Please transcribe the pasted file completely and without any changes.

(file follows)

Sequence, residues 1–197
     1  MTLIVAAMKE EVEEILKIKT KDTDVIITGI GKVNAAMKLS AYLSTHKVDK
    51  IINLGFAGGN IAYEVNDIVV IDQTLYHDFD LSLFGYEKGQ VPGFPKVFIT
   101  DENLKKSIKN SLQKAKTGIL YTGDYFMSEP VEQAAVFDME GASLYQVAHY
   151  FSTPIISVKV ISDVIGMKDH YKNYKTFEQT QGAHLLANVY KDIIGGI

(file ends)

Sequence, residues 1–197
     1  MTLIVAAMKE EVEEILKIKT KDTDVIITGI GKVNAAMKLS AYLSTHKVDK
    51  IINLGFAGGN IAYEVNDIVV IDQTLYHDFD LSLFGYEKGQ VPGFPKVFIT
   101  DENLKKSIKN SLQKAKTGIL YTGDYFMSEP VEQAAVFDME GASLYQVAHY
   151  FSTPIISVKV ISDVIGMKDH YKNYKTFEQT QGAHLLANVY KDIIGGI